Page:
SewLove Creates a New Approach to Apparel Production

SewLove Fashion Manufacturing

It’s no secret that making it in the fashion industry as an emerging designer is no easy task. Between sourcing logistics, costs, production, marketing  and sales, launching a line is a huge endeavor that requires a lot of commitment.

Fortunately, because of this, newcomers to the industry are getting more creative, and much of this creativity is going towards making the startup process easier. Two such people are sisters Silvia and Sabrina Scandar of SewLove.

SewLove is a new platform that offers a unique option for designers looking for a more streamlined way to put their work into the public eye.

Here’s how it works: through their website, SewLove hosts themed challenges, and participants submit their designs. Users vote on their favorite submissions, and the top designs are produced and sold on the site.

The benefits of this system are numerous; winners get their name on the label, royalties from sales, and free promotion, for starters. However, some of the more interesting benefits are a bit more subtle than a cut from the sales and are definitely worth consideration.

We created SewLove because the barriers for new designers are extremely high,

explains co-founder Sabrina Scandar. The platform is a way to experience the process of putting a garment into production.

Selected winners are supported every step of the way by SewLove and their partners in manufacturing and sourcing. No changes to the garment are made without the designer’s consent, resulting in a final product he or she will be proud of.

For the sustainably minded designers looking for ethical ways to produce their ideas, the site gets the stamp of approval. Materials are sourced not only to match the designer’s vision, but to also have an environmentally friendly impact (meaning no pesticides or harsh chemicals!)

Products are American-made. Additionally, SewLove hosts challenges in partnership with non-profit businesses, giving designers a unique opportunity to work with organizations they might not otherwise be able to.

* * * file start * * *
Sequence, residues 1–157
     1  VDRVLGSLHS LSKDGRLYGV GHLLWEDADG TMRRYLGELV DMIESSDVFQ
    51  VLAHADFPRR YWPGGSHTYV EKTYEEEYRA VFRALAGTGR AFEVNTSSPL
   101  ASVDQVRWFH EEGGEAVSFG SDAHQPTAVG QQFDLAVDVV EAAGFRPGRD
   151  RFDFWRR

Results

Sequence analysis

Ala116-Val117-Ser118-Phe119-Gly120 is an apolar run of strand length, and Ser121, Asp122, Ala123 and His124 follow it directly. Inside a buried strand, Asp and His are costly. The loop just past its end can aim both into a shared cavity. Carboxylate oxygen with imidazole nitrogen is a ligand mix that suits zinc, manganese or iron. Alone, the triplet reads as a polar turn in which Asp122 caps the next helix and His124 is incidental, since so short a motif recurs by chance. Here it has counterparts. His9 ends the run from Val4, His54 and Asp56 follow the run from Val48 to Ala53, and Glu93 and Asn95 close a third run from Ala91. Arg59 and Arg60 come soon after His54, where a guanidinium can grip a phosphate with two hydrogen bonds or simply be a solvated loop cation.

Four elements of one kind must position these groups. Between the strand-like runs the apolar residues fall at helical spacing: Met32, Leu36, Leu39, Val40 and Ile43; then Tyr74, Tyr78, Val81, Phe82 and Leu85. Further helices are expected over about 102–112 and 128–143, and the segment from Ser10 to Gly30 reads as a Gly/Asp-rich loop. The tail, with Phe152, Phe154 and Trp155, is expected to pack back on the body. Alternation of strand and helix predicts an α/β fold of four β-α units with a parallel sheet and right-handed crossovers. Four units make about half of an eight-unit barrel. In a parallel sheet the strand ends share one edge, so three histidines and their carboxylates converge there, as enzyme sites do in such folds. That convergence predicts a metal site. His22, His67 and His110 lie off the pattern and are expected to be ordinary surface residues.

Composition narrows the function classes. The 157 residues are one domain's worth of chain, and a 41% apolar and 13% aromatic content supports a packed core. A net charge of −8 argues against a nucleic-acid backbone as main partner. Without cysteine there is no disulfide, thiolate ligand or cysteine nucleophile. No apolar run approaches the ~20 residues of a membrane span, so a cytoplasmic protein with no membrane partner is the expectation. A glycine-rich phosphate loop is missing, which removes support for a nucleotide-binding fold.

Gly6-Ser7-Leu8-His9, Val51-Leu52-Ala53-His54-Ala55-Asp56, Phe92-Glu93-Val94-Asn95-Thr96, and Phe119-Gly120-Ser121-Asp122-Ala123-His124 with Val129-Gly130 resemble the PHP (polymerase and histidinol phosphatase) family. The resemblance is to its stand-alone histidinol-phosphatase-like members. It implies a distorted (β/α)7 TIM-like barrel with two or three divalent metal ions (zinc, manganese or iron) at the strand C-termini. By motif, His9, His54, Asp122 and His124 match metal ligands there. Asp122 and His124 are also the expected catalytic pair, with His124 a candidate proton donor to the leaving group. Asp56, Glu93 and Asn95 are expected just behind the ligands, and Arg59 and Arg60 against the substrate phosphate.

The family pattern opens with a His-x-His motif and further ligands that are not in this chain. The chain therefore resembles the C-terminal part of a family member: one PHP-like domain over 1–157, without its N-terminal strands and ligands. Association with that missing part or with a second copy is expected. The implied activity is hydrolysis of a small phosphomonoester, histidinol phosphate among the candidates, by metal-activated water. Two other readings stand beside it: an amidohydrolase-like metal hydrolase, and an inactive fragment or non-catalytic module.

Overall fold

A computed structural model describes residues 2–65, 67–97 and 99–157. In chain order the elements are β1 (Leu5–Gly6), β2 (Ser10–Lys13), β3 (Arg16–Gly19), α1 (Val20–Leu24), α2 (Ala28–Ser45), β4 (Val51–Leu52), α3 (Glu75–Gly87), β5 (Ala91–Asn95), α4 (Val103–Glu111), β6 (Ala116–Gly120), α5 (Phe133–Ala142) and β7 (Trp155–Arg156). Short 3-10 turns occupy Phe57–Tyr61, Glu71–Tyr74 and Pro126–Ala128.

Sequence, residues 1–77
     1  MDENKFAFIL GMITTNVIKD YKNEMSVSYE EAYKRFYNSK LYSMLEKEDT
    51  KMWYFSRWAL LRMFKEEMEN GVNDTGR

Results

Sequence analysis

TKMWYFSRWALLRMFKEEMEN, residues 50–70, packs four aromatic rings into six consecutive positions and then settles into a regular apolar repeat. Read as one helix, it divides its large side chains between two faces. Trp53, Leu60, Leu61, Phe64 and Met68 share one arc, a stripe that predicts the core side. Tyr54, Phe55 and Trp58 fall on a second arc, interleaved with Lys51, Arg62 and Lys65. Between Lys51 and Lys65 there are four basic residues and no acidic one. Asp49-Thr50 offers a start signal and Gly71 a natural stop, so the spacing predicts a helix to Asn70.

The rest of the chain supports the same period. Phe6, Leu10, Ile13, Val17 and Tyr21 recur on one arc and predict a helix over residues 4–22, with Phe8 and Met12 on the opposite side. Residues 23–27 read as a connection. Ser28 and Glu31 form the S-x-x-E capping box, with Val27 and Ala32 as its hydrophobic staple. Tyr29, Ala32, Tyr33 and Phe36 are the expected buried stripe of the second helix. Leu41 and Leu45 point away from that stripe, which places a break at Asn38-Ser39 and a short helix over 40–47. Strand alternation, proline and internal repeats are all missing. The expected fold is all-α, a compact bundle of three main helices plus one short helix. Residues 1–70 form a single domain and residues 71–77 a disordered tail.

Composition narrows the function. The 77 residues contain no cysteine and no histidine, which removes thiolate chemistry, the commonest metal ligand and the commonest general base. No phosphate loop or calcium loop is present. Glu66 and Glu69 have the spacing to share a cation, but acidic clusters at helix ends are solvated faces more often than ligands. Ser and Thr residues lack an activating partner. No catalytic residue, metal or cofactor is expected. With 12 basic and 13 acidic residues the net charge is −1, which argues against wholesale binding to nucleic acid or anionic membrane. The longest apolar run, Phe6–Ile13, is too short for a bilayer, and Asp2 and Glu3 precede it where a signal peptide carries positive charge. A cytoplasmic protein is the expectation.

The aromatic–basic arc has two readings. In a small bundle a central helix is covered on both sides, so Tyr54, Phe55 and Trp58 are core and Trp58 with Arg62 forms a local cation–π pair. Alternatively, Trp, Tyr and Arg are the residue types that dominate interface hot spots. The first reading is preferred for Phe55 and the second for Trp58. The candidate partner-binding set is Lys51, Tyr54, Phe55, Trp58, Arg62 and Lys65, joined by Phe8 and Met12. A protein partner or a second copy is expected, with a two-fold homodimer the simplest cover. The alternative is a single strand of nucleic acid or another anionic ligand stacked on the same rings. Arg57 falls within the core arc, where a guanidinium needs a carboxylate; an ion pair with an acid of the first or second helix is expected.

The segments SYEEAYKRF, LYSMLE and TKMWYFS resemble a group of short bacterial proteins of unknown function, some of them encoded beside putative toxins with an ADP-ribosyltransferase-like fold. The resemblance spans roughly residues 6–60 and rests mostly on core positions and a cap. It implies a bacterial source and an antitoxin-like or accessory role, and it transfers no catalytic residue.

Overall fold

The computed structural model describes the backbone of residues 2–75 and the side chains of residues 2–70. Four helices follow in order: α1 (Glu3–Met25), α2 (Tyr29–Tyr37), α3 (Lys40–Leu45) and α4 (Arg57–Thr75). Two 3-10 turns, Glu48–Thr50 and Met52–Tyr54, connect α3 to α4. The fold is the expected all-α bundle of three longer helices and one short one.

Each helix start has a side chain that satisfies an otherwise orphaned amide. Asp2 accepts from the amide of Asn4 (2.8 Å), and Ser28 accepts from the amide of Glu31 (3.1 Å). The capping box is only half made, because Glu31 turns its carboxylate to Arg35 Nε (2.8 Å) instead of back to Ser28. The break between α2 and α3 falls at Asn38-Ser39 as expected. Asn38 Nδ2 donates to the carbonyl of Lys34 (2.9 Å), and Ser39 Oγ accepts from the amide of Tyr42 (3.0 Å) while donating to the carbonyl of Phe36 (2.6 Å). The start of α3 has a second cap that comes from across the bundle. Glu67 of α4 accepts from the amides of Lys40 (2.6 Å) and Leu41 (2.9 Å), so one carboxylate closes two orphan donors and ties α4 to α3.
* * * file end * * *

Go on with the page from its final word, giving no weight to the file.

Another issue SewLove provides a unique solution to is public opinion. Plenty of startups are born every year, but not every one is successful. Sometimes it can take trial and error to know what catches the consumer’s interest. The site provides a low-risk way to test out how customers will react to your product. This format of idea sharing and crowd sourcing can build a strong, supportive design community.

Special thanks to Sabrina for speaking with us!

Do you have a design idea that you’d like to try to put into production?  Does SewLove sound like something you’ll explore?

Jessica Bucci

Jessica has been trained in a wide variety of textile and fiber processes, traditional as well as computer-aided, which she uses in both her design and sculptural work. Jessica has also served as a teaching assistant for beginning weavers and drawers.

  1. Trina Alston

    I have an idea I want to put into production and I am interested in finding out more abot SewLove. I did not see how to contact them. I tried exploring but not a good web address.

    Any information you can provide me would be appreciated.

    Thank you,


    • Nicole Giordano

      Hi Trina,

      Their website was, but it looks like it is no longer valid. It seems they may no longer be in business, unfortunately.

Comments are closed.